For the cereal lovers of Kellogg’s Corn Pops® or Honey Smacks®, the whole grains are cooked similar to using a pressure cooker. When they are fully cooked and the pressure is released, they will let out a POP! When the pressure drops suddenly, the moisture inside the grains is released as steam, which causes the grains to puff up. Each grain is then toasted, dried, and topped with sweeteners. 

Other cereal such as Cheerios™ or Trix are made from a dough. This dough is a flour paste combined with sugar, water, coloring, and flavoring. After it’s mixed, this dough is sent through an extruder where the cereal pieces get their shape, similar to Pitsco’s Injection Molding Machine. After that, they are dried to the right moisture content and wait for the day they are poured into your bowl.

Flaked cereal, such as Frosted Flakes®, is made by using the starch from the grain. This starch is then cooked in water, sugar, salt, and the flavoring of your choice. After this is cooked, it is rolled to create individual flakes of cereal and toasted to perfection. Bon appétit (“The Fascinating Ways in Which Breakfast Cereals Are Made).

Grrreat Ideas from the Box to the Classroom

Ready to take cereal beyond the bowl? We’ve found some pretty cool hands-on, minds-on activities that use cereal to teach a variety of concepts.

  • Cereal Science Projects – Understand the basics of science by using cereal! Students can learn about electricity, absorption, movement of water molecules, and magnetism.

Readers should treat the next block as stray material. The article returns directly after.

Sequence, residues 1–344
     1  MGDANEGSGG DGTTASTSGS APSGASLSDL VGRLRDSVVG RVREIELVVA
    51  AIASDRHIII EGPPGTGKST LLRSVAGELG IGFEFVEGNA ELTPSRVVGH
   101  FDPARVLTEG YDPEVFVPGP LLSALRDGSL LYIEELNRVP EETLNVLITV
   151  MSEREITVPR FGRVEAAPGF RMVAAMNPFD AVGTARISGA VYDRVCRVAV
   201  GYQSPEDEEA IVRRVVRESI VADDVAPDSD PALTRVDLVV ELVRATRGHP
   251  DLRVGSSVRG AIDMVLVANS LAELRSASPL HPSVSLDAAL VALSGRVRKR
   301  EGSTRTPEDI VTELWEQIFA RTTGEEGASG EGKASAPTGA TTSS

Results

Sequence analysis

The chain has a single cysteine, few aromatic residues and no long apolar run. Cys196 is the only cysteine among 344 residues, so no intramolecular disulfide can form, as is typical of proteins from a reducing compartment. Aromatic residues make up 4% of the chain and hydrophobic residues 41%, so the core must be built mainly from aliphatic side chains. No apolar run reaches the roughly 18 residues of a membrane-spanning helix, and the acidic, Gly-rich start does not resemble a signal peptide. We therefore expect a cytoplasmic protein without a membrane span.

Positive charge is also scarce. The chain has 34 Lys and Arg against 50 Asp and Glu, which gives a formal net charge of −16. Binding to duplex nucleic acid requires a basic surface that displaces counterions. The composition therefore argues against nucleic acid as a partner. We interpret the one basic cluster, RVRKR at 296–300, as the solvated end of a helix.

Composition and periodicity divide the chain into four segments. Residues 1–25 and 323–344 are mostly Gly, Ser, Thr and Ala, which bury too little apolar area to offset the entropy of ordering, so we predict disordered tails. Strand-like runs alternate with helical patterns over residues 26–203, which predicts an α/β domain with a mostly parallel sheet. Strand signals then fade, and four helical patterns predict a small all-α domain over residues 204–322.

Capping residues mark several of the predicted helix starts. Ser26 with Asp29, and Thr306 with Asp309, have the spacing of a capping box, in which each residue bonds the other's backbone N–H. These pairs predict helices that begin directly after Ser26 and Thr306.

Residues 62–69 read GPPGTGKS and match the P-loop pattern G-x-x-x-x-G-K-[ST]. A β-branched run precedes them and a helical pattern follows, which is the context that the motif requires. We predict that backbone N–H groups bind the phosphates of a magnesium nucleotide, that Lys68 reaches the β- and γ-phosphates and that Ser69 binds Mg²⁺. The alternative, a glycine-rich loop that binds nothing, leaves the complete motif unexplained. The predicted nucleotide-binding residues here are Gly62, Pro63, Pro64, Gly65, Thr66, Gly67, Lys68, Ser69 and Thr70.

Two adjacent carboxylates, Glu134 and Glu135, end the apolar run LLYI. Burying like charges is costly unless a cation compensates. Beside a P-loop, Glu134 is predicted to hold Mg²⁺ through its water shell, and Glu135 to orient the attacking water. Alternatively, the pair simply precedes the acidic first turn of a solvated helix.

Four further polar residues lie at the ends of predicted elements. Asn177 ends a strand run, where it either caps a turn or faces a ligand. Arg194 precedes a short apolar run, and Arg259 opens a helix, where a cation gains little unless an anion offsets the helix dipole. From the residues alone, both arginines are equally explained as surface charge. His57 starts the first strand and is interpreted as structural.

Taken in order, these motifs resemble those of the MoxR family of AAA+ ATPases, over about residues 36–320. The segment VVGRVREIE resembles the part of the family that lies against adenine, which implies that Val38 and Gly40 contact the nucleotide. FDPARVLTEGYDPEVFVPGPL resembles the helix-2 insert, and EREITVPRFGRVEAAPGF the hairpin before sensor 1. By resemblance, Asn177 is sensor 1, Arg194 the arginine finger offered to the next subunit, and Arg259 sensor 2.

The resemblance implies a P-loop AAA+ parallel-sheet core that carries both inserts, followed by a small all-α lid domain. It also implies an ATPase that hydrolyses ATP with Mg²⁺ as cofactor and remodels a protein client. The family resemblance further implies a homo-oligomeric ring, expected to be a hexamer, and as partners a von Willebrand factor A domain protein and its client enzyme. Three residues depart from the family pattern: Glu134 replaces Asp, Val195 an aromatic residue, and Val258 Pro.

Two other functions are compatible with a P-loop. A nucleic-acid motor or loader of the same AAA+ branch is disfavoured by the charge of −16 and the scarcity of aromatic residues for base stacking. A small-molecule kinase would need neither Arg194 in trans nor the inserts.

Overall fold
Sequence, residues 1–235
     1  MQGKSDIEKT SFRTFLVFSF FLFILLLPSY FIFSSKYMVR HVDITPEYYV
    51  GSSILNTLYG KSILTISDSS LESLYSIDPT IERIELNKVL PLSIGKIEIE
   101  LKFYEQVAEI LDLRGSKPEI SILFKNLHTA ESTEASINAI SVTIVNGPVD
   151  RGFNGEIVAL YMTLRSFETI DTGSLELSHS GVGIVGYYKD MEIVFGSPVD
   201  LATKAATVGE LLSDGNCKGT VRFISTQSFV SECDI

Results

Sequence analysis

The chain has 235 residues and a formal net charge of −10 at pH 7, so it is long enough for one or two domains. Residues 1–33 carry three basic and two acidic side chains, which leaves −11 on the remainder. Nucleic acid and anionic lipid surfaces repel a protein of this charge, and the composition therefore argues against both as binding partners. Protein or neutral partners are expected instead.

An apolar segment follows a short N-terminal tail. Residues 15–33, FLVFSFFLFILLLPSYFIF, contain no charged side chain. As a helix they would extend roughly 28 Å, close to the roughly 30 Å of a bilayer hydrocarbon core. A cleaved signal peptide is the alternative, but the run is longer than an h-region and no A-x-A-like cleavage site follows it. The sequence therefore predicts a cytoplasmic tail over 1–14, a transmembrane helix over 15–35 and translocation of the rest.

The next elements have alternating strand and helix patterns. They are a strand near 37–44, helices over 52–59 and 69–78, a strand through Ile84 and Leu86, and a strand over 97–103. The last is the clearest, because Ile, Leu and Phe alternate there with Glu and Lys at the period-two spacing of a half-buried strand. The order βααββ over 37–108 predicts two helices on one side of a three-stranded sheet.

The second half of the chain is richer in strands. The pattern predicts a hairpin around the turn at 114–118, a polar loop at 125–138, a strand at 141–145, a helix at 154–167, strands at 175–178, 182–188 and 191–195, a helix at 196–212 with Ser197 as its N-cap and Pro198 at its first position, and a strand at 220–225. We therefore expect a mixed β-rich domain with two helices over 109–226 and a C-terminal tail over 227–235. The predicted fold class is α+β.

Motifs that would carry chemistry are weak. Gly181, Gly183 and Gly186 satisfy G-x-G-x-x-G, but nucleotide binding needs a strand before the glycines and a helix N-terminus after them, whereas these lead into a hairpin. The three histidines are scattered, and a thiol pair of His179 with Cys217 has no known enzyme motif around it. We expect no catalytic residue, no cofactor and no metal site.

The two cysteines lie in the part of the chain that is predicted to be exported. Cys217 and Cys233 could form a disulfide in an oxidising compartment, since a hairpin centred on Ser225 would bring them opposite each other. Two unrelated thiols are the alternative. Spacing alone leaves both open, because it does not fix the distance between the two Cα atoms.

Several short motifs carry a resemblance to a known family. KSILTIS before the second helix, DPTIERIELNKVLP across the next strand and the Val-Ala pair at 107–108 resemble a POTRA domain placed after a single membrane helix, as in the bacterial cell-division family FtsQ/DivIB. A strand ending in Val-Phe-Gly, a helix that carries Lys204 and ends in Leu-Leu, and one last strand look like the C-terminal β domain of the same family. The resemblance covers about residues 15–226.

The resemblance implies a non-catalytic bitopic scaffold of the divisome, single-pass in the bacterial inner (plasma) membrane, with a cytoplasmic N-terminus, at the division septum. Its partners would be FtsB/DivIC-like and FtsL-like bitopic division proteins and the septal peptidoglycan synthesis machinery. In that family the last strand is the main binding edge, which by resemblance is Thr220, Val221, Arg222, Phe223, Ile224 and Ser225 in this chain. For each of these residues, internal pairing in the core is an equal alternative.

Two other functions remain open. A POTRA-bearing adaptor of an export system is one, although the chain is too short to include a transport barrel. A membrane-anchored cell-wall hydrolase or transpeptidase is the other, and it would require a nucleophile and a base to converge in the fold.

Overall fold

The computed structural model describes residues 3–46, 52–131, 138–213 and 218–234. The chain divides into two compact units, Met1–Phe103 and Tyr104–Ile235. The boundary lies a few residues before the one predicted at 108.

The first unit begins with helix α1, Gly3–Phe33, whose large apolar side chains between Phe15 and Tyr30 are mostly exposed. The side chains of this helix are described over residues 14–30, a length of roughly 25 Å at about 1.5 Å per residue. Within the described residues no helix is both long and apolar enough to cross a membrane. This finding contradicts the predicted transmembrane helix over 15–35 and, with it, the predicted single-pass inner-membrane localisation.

• Cereal Box Ramps – When you’ve finished your cereal, keep the box for an easy way to let kids explore physics and engineering. Let children design their own ramp using the cardboard box and get testing by sending differently sized objects down the track. 
  • Fruit Loop Graph – Sorting, graphing, and patterning! Grab those fun colored grains and some skewers for your students to design a real-life graph. And, of course, you can eat them when you’re done. That’s a win-win in my book!
  • Eating Nails for Breakfast – Cereal is more than just wheat and corn; it contains iron as well! Using a strong magnet and your favorite cereal, explore how much metal might be sitting in your bowl.   
  • And, don’t forget to check out the backs of the cereal boxes! There might be puzzles, crosswords, or riddles to keep you entertained while you pour yourself a bowl of yum! 

We are lucky to now have such a variety of cereals to choose from, and while Jolly Rancher cereal or Sour Patch Kids cereal might not be my first choice (yes, those are real), I love getting to celebrate the addicting grains. From watching Tony the Tiger® yell, “They’re grrreat!” to getting excited when I find a prize in a freshly opened cereal box, there’s something special about all the nostalgic feels. Grab your favorite cereal, slurp it up, and comment below about which cereal memory takes you back to your childhood.

Resources:
Kid Tested. Marketing Approved. How Cereal Brands Target Children
The Fascinating Ways In Which Breakfast Cereals Are Made

Why Cereal Has Such Aggressive Marketing
Cereal: How Kellogg Invented a ‘Better’ Breakfast

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TOPICS: IN THE CLASSROOM, BEYOND THE CLASSROOM, IDEAS & INSPIRATION, News, Science, STEM, Trends, Resources, Activities, Hands-on Learning, STEAM

Molly Underwood

Written by Molly Underwood

Hey all! I’m new to the Pitsco family. After interning a while, I started as a full-time Marketing Specialist. Days are busy assisting with digital marketing projects and anything else needed around the department. I knew marketing would be a great fit for me, as I love to share my passions with anyone who will listen. I recently graduated from Kansas State University (GO CATS!) and moved to a farm that has given me a lot of new experiences. Now my downtime is spent renovating me and and my husband’s new home, road-tripping, and being a foodie.